Yesterday was not an ordinary day for me. I took part in a historic event as I joined 100,000 others on a fateful trip to Givat Ram in Jerusalem. I did not go out of enjoyment, but rather, out of what I felt was a sense of personal and national obligation. The Israel I knew and had fought for, for years, is in danger.
Minister of Justice Yariv Levin’s and Justice Committee Chair Simcha Rothman’s Judicial Reforms threaten to turn the Israel I grew up with into something it’s not. For years, as Suicide Bombers exploded buses during the Second Intifadah, a knife initifadah, and rocket wars since, there was always the defense that Israel is a strong democracy with an effective court system. If there were abuses happening, Bagatz, or the Israeli Supreme Court, upholding its own version of a bill of rights from a Basic Law from 1992 would intervene. It sometimes did it excessively, but was a defense against censure. Israel can be kept in check because it has a strong court system defending its democratic values including those of human rights.
This system of government is now in danger. The “reforms” if brought to fruition, as they are now, rushed through parliament, would largely strip away the power of this High Court. The court will not be able to intervene in almost anything and would be diminished, becoming an effective puppet of the stronger Knesset. The Court, while imperfect, protects us from government overreach, something that many current Members of Knesset want to override. It was a cause too deep to keep quiet. Growing up in Canada, we are used to having a constitutionally defended Bill of Rights. Israel as of yet, does not have something as entrenched. To override the court means to override human rights, something that can be very worrying.
President Isaac Herzog had gone on national prime TV the day before, imploring the sides to negotiate before a societal collapse would happen and released a five-point plan of his own. Would anyone listen to what this symbolic leader had to say? This was on the minds of many.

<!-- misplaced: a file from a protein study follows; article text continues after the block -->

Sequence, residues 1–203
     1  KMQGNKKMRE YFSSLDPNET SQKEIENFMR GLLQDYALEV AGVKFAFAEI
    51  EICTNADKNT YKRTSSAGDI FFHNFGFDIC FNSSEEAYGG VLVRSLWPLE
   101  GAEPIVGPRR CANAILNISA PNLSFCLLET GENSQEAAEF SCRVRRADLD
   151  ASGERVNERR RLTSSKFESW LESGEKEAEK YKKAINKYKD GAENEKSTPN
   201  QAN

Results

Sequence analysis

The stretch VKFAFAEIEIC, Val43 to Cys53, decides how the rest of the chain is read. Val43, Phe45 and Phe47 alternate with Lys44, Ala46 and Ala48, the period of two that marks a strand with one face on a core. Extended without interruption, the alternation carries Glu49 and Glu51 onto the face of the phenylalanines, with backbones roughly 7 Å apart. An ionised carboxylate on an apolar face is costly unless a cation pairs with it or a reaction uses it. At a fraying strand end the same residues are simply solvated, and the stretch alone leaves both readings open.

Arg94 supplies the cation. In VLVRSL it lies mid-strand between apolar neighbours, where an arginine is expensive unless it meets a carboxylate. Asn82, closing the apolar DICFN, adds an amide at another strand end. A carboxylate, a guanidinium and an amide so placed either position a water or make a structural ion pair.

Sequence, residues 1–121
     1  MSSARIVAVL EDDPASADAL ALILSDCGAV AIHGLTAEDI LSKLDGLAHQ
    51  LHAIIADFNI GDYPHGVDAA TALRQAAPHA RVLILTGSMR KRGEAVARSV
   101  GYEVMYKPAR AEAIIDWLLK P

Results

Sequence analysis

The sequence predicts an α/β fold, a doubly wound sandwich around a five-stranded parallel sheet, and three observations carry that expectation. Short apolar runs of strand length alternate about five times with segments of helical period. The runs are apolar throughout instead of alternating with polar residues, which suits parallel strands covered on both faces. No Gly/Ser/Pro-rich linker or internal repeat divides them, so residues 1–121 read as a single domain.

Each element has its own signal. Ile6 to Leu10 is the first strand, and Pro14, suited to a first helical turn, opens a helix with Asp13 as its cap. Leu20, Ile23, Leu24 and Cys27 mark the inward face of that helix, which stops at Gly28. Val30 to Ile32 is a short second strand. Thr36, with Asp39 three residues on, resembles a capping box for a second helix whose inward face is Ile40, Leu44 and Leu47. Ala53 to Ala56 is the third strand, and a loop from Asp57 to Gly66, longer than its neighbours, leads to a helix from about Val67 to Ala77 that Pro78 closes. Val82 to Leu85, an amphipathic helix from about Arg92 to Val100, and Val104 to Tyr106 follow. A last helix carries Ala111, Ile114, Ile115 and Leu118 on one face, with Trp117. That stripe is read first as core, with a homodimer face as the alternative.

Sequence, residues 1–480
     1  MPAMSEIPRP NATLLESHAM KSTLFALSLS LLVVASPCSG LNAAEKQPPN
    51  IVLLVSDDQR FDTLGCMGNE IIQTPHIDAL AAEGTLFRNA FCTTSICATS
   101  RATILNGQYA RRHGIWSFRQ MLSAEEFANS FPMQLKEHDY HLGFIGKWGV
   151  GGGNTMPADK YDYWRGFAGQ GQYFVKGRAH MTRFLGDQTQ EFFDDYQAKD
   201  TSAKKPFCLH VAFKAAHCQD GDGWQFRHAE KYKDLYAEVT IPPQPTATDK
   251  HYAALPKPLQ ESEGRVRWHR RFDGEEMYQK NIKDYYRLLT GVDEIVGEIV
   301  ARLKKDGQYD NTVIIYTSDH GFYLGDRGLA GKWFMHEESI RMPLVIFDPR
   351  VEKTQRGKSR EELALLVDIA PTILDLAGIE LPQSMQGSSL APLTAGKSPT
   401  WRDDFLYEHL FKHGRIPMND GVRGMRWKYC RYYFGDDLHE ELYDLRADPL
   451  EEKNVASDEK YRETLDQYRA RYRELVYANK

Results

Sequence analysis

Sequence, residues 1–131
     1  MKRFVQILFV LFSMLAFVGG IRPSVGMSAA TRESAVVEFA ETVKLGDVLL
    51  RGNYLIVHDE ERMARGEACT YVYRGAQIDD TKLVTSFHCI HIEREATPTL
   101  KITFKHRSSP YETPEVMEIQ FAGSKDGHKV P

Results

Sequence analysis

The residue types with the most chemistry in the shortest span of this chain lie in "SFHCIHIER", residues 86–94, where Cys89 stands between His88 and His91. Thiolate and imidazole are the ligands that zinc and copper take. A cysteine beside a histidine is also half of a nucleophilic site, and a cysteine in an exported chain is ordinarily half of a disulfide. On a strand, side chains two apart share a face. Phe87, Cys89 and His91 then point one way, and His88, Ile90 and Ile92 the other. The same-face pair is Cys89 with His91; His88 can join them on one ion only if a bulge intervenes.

The day started on an absolutely packed train to Jerusalem. I boarded the train at Tel Aviv University Station, and even there, despite being only the second stop, it was packed. Finding a corner next to a group of chairs, I huddled with others who passed the time singing songs, as us herded like sardines, raced to the Capital. Forty minutes later we arrived.
At first the mood of the city appeared calm and subdued. However, as I approached Givat Ram from Central Station the number of flag bearers increased by the block. By the Foreign Ministry and Cinema City the roads started becoming blocked and was suddenly surrounded by a sea of Blue and White everywhere I went. The increase in density of the crowd continued the further toward the Knesset one went until there was blue and white as far as the eye can see. Israelis of all walks of life: the young, the old, Ashkenazi, Mizrahi, a few kippas were also spotted among the protesters. It felt as if the whole nation was together, a sense of unity rarely experienced in today’s day of age with the notable exception of Haredim and Arabs which didn’t seem to be involved at all. Besides Yom Haazmaut (Independence Day) felt a rare sense of unity with streams of people that had one thing in common: they were all Israeli Jews.